follow up

How to follow up after a job interview

Even if you think you’ve just experienced the greatest interview of all time, if you’re serious about the job, you need to know how to follow up afterwards. Not only is this to make sure you don’t miss out on any opportunities, but also to ensure that you remind the employer just how great you are for this job.

Read on to learn exactly how to follow up after a job interview.

Ask about the next steps

Before you leave the job interview, you must ask about the next steps. This is so you know when to expect to hear from the recruiter, and to ensure you’re not being too pushy or too flaky when chasing for a response.

For example, if you simply end the interview stating that you look forward to hearing from them, you might as well be waiting for the rest of your life. However, if you ask the recruiter when you can expect to hear from them and what happens next, you know exactly when you should be contacted, and therefore when it’s acceptable to follow up.

Typically, after an interview, you can expect the recruiter to be in contact within a week. But bear in mind that this is just a guideline. Some employers are fast hirers and have a quick 24-hour turnaround period. Others however, may like to take their time, seeking opinions from a variety of senior members of staff, and so it could take a little longer.

In addition, you have to think about other candidates they may be interview, which as you may expect, can lengthen the process.

It’s fairly difficult to predict how long an employer will take to follow up; therefore it’s always best to ask. Plus if you can identify what the next steps are immediately, such as a second interview or a presentation, you can start your preparation ahead of time.

Send a thank you note

Once you’ve left your interview, you need to send a thank you note to the potential employer – and fast. Not only is this incredibly polite, but you’re also more likely to stay in the forefront of their mind if you send it the same day as your interview. Therefore, playing hard to get isn’t going to work and sending a thank you note is extremely advantageous to your application.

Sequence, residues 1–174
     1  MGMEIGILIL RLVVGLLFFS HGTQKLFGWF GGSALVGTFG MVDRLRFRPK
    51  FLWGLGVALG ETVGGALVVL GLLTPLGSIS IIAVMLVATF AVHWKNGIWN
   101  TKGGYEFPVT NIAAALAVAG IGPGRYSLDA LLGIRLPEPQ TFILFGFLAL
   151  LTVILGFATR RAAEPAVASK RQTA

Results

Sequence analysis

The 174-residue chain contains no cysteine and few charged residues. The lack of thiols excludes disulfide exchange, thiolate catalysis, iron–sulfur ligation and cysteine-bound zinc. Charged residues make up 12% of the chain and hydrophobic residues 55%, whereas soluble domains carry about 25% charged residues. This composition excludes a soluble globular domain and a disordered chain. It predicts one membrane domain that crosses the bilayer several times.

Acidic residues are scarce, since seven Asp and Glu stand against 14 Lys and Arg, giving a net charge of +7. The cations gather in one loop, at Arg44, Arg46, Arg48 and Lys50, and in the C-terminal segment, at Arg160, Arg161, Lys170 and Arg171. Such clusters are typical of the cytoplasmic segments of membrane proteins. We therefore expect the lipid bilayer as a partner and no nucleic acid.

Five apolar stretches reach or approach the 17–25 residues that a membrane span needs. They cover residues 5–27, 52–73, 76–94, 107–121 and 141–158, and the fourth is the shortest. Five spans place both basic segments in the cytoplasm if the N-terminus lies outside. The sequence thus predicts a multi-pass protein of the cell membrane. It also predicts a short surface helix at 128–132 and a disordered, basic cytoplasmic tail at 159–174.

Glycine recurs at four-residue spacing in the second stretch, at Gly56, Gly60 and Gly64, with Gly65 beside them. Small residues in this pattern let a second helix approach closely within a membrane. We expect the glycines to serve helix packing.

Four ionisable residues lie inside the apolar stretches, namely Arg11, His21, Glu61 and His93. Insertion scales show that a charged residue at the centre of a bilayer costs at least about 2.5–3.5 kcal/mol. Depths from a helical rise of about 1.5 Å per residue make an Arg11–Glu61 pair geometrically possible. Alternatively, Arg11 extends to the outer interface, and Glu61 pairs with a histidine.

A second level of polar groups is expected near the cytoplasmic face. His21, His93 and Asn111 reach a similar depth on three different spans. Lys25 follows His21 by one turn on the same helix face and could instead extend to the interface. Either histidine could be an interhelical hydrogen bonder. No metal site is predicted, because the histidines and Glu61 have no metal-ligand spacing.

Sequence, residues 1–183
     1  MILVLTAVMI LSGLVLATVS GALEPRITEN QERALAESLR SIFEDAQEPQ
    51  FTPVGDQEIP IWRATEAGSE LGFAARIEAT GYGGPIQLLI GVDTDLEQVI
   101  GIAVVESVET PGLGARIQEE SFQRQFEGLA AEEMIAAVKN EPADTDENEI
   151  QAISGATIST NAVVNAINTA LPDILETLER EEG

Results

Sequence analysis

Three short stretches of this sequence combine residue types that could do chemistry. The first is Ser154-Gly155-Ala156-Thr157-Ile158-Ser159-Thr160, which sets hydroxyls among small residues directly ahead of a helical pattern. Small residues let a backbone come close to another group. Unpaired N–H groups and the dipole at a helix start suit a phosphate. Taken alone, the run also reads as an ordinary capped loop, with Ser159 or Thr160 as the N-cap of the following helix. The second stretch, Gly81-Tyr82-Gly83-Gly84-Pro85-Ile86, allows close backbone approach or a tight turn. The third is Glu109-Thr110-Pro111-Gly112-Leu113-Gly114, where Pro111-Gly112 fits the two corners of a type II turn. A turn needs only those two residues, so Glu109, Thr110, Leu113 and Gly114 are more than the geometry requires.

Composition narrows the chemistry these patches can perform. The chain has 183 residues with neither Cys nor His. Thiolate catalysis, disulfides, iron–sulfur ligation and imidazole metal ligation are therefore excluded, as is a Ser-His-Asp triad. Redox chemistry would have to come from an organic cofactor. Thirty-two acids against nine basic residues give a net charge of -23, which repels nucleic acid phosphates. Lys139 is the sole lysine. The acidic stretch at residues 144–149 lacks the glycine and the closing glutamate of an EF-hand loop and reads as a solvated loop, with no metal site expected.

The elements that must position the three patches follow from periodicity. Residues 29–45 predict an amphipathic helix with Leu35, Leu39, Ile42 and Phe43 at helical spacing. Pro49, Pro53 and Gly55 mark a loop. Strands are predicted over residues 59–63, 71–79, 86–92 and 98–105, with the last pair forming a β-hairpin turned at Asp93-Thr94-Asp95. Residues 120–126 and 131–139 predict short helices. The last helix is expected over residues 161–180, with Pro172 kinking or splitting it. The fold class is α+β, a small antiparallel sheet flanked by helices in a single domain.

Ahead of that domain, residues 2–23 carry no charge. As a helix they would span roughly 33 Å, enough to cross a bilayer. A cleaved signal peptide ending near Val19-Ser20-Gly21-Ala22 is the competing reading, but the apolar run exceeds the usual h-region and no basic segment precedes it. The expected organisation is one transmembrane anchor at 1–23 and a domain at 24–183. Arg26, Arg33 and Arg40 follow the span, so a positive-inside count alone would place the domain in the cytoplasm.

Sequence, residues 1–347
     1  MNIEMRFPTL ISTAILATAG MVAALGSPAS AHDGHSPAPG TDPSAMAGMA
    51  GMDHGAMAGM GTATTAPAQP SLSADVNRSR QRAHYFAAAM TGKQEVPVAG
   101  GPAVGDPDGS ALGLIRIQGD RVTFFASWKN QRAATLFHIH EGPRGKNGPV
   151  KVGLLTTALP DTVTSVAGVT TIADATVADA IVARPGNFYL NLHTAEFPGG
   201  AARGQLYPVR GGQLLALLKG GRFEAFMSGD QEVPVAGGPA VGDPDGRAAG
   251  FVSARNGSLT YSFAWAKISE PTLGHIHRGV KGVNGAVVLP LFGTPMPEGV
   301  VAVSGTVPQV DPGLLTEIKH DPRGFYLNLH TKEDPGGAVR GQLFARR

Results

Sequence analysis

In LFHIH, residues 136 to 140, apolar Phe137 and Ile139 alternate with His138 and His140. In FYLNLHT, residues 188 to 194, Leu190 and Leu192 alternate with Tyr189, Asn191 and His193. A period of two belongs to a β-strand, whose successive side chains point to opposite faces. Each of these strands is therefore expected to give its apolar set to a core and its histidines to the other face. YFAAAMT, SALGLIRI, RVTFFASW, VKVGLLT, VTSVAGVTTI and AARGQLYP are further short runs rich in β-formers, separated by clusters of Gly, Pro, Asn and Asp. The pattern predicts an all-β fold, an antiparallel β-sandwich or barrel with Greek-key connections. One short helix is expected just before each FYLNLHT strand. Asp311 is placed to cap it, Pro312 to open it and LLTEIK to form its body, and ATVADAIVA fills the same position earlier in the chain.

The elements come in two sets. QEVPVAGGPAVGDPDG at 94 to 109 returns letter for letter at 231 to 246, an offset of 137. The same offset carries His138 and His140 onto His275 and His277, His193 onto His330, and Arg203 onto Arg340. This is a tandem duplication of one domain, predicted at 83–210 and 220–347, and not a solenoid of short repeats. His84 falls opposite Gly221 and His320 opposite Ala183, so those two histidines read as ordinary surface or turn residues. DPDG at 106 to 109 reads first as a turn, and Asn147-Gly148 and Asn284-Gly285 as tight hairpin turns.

When you get home from your interview, take a few minutes to jot everything down. This can be anything from what was discussed and your performance, to your thoughts about the role and the employer. Experts reveal that if you make your thank you note as personal as possible you will stand out. Therefore, also make note of anything you picked up on in conversation with the recruiter to refer back to in your email.

Once you’ve done this, you can begin planning your thank you email.

Firstly, express your thanks for the opportunity to discuss the job. Make sure you continue to emphasise your enthusiasm for the role. After all, this is the last chance to tell them that you’re the ideal person for the job.

You may also use this thank you note as an opportunity to flag anything you forgot to mention in the interview, or clarify any areas that you may feel you didn’t perform your best in.

Feel free to drop in your personal reference to the conversation wherever you feel suitable. Just don’t leave it out or you won’t stand out.

Then proofread your email thoroughly, include the subject line “[Your name] – Thank you” and email it to the right person. It’s best to email your thank you note directly to the person that interviewed you. That said, if you only have the email of the recruiter and not your interviewer’s, it’s acceptable to email them instead.

Check in periodically

Once you’ve sent your thank you note, the waiting game begins.

But it’s important to check in periodically to remind the employer that you’re still out there.

If you were told you’d hear back by the end of the week and you haven’t, it’s okay to give the recruiter a little nudge. A quick note such as this would be acceptable:

Hi [Recruiter],

Hope you’re having a good week.

I just wanted to check in regarding the status of my application. I remember you saying you’d be in touch by the end of last week. I’m still incredibly interested in the role and am eager to hear an update.

Do let me know if I can provide any more information to help with your decision; I’m more than happy to help.

Kind regards,

[Your name]

If you still haven’t heard back a week or so later, it may be time to drop in some more information. This might help with the decision! For example, you could email across some examples of work, or send an update on recent achievements. Just be wary of being too overbearing.

Follow up after an interview

It’s up to you whether you want to keep checking in after a month. There’s no harm in sending a monthly check-in. But you need to think about whether this role or company is right for you. Or, if there are better opportunities out there.

Need some more interview tips? Check out our articles.

Image:  Luke Chesser on Unsplash

About Laura Slingo

Laura Slingo is a writer, editor and digital marketing professional. She has penned hundreds of career and lifestyle articles for various sites and markets across the globe, including Salesforce and The Guardian. Connect with her on LinkedIn and Twitter.

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